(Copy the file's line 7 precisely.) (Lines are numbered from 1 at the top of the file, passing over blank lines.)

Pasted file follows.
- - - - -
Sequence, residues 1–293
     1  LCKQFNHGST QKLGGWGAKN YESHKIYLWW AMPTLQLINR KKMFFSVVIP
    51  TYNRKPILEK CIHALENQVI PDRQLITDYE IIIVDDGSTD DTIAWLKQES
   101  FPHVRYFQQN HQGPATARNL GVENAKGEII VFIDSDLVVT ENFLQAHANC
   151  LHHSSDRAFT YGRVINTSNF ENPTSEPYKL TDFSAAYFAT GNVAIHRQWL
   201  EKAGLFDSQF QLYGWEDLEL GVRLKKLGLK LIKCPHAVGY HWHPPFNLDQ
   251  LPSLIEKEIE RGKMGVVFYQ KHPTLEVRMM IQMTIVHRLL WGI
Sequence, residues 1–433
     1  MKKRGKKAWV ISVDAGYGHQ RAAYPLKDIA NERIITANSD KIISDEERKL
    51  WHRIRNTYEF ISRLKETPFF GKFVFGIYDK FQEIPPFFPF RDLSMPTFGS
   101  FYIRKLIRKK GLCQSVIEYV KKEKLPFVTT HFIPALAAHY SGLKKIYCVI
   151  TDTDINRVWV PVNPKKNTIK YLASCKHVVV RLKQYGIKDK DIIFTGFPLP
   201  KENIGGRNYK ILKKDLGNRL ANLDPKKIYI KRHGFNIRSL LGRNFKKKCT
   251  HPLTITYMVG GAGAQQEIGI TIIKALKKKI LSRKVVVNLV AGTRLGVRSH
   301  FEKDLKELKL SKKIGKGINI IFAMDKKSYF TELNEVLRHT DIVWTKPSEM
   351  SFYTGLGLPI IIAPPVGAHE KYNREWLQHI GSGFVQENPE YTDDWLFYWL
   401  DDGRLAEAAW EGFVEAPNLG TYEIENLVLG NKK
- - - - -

   251  LPSLIEKEIE RGKMGVVFYQ KHPTLEVRMM IQMTIVHRLL WGI